Biomedical Breakthroughs: The Current Drug Development Process
Pharmaceutical research and development can be divided into three major tasks: discovery comes up with chemicals that show promise in changing something about the problem under study. Preclinical development refines them into compounds that might actually work. Clinical trials test the compounds on humans to see if they work. Then the compound needs to receive government regulatory approval.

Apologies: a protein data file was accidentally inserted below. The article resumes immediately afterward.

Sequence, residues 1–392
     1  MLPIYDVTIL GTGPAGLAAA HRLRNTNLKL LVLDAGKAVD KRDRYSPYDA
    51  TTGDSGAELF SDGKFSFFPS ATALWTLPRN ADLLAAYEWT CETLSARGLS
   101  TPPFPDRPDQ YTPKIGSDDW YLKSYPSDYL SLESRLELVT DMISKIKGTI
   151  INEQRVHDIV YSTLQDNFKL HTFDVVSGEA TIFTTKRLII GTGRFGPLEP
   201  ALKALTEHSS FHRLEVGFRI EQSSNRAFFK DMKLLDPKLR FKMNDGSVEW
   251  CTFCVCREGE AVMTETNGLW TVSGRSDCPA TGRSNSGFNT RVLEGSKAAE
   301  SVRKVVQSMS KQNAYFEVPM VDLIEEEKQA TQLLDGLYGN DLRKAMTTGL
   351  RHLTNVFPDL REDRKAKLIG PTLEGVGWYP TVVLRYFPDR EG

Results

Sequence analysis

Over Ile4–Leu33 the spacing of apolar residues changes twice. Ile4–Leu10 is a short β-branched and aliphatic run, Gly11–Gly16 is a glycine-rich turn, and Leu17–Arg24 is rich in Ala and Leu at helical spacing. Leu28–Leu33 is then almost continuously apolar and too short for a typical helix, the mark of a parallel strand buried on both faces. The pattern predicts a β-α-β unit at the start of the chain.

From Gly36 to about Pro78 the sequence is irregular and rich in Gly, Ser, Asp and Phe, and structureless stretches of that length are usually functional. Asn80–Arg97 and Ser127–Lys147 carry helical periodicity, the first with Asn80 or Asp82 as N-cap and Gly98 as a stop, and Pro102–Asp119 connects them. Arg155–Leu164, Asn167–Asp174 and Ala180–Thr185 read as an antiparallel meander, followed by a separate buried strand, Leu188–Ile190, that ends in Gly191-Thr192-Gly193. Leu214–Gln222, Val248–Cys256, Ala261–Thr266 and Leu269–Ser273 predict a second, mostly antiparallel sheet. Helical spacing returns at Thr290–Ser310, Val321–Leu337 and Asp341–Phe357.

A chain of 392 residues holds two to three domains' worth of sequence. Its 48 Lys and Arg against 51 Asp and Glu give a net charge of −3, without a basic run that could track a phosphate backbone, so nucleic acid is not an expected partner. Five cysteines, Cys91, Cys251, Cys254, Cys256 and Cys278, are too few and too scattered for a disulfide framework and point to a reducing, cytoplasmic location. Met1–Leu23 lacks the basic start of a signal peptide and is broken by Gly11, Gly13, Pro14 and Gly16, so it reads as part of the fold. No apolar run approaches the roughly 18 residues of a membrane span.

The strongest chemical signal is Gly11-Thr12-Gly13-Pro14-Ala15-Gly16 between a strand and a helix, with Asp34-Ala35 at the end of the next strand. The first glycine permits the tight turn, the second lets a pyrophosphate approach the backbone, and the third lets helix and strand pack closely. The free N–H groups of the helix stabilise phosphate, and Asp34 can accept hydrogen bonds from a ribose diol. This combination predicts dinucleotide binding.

Discovery current happens in two steps. First biologists study how a disease functions at multiple levels. Then, chemists try to find compounds that stop the disease from occurring. Different compounds are then tested in animals to determine if they work without side effects. The primary killer of lead compounds occurs when the compound binds to many proteins not just the single protein causing the problem.FDA regulations mandate the structure of clinical trials. Phase I examines safety in a small population, usually 20 to 100 people for one year. Phase II established that the drug has some beneficial effects, determines the dosage needed for that effect and confirms safety in larger numbers. Phase II enrolls 100 to 300 people for two years. Phase III proves the beneficial side effect is real and not a fluke by testing it in hundreds or thousands of patients over two years or more.
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